Determination of HER2 status has now become of major clinical importance with the advent of anti-HER2 therapy, the recombinant humanised anti-p185Her-2/neu antibody trastuzumab (Herceptin®) (Pegram et al, 1998; Cobleigh et al, 1999; Slamon et al, 2001).
Immunohistochemistry (IHC) is expected to be the best method for the determination of HER2 status, as IHC assesses the level of HER2 overexpression, which is the target of Herceptin® therapy. Moreover, the patient's selection for Herceptin® therapy is mainly based on IHC because previous studies demonstrated a good correlation between IHC results and gene status, as determined by fluorescence in situ hybridisation (FISH) (Pegram et al, 1998; Jacobs et al, 1999,2000; Couturier et al, 2000; Jimenez et al, 2000; Lebeau et al, 2001; Lehr et al, 2001). However, the HER2-IHC detection was criticised because of a lack of interlaboratory reproducibility and, furthermore, Herceptest®, a standardised IHC method, was shown to be a method with excessive sensitivity when compared to FISH (Persons et al, 1997; Bartlett et al, 2001; Tubbs et al, 2001). Even though HER2 overexpression without gene amplification was reported in 2.9–8.3% of cases (Kallioniemi et al, 1992; Persons et al, 1997; Couturier et al, 2000; Jimenez et al, 2000; Pauletti et al, 2000), discordant results between IHC and FISH were mainly observed for tumours that were scored 2+ by IHC (Persons et al, 1997; Bartlett et al, 2001; Tubbs et al, 2001). For this reason, and particularly in Europe, a confirmation of HER2 gene amplification by FISH became mandatory for a patient's inclusion in a clinical trial using Herceptin®, when the corresponding tumour is scored 2+ by IHC (Hoang et al, 2000; Ridolfi et al, 2000; Diaz, 2001; Tubbs et al, 2001; Vogel et al, 2002).
Some authors found that HER2 status determined by FISH was more reproducible (Press et al, 1994; Persons et al, 1997; Bartlett et al, 2001; Tubbs et al, 2001). Thus, these authors thought that FISH had to be proposed as the only method to select patients for Herceptin®. However, FISH is a long and expensive procedure that requires trained personnel and fluorescence microscopy.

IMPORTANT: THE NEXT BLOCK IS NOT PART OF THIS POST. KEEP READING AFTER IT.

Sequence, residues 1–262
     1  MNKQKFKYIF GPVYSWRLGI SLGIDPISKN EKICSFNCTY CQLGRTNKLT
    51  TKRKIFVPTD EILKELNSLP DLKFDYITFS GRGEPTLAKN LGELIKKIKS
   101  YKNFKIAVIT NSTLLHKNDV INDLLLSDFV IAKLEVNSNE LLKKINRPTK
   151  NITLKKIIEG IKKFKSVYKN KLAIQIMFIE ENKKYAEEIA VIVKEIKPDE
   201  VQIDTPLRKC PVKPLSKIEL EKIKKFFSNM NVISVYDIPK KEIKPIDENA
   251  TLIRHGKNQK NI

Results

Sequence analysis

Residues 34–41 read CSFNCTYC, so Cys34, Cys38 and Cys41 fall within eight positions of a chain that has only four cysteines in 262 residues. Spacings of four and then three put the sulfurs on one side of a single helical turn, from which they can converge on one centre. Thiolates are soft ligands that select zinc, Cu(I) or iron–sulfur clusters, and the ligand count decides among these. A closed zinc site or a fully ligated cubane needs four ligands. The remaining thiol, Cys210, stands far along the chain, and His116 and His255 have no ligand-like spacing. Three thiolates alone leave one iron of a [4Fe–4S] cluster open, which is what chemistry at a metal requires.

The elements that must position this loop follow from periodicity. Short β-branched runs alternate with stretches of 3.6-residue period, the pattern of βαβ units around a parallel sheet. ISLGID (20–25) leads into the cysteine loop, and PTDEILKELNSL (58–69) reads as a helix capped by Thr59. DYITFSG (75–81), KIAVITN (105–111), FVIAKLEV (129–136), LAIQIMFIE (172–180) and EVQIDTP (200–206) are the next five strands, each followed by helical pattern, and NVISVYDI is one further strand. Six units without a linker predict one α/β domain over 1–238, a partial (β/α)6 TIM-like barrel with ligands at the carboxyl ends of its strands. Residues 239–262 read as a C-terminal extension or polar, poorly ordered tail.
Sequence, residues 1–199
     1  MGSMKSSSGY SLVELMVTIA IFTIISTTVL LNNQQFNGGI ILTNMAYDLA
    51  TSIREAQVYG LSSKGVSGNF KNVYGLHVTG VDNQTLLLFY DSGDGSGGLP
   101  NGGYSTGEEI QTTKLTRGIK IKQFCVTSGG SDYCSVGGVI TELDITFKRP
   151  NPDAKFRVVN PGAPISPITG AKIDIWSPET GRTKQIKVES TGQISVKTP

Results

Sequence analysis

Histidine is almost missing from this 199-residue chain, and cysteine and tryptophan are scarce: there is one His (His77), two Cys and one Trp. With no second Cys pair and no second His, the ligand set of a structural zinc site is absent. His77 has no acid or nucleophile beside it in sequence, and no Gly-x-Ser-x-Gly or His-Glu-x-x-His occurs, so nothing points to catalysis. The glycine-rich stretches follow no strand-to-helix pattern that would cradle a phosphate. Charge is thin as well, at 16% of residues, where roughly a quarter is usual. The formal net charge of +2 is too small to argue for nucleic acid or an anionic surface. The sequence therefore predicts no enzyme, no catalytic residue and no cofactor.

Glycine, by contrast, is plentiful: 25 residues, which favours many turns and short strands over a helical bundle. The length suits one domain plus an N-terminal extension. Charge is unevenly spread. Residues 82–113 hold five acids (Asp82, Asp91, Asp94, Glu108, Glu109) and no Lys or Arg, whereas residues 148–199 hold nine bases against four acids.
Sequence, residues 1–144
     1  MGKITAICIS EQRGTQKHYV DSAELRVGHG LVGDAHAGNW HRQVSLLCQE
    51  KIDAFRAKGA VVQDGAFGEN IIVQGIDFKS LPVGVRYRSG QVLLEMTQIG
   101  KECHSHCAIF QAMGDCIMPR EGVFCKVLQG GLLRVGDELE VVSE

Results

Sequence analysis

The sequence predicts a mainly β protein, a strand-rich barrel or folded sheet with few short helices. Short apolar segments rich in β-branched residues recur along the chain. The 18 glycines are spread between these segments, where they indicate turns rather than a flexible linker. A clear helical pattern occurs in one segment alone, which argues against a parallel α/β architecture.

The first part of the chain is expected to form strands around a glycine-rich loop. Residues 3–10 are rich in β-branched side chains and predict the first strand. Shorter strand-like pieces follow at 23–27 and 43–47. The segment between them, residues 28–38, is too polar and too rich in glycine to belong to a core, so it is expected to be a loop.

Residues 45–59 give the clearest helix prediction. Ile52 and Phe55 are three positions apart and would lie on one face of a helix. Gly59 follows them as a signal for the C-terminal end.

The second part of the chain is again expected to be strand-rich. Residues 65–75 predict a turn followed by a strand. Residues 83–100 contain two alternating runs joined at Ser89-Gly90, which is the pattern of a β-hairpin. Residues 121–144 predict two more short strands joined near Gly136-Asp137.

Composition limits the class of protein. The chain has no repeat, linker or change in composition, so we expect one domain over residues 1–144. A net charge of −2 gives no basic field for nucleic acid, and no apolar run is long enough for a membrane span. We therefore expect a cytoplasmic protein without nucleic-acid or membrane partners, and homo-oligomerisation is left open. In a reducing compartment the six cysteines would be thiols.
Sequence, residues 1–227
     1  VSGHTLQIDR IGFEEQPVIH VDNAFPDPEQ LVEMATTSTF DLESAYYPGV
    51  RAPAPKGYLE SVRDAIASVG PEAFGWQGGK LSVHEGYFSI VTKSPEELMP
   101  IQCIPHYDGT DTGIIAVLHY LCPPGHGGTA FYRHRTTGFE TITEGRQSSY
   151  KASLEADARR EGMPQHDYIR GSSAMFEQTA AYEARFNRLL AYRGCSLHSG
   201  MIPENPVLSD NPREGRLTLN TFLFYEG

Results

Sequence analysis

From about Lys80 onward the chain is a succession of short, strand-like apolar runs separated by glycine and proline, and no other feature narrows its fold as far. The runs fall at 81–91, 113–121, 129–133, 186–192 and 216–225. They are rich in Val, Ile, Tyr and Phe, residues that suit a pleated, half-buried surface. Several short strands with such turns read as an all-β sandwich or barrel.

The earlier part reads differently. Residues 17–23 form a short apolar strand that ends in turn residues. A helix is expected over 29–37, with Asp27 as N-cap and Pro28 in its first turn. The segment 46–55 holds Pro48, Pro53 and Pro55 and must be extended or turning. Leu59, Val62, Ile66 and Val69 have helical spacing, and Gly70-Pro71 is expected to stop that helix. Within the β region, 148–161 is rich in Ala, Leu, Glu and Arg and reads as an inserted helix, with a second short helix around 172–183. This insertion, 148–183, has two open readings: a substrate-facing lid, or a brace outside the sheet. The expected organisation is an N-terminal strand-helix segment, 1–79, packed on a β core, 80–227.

Chromogenic in situ hybridisation (CISH) is a recently introduced technique in which the DNA probe is detected using an immunoperoxidase reaction (Tanner et al, 2000). This method is very close to FISH but does not require the use of fluorescence microscopy. Moreover, FISH signals fade within a few weeks and the FISH results have to be recorded with expensive digital systems. This is not the case for CISH staining. Owing to the similarity with IHC staining, CISH is also easier to interpret for pathologists who are not trained with fluorescence. In one study (Tanner et al, 2000), CISH was demonstrated to be well correlated with FISH.
The aims of our study were to: (a) confirm the good correlation between FISH and CISH in a nonhomogeneous series of breast tumours coming from eight different laboratories using different fixation procedures, (b) analyse this correlation according to the expression of HER2 protein analysed by IHC (c) focus on IHC 2+ cases and analyse in this situation if CISH gives the same information as FISH for the treatment of patients.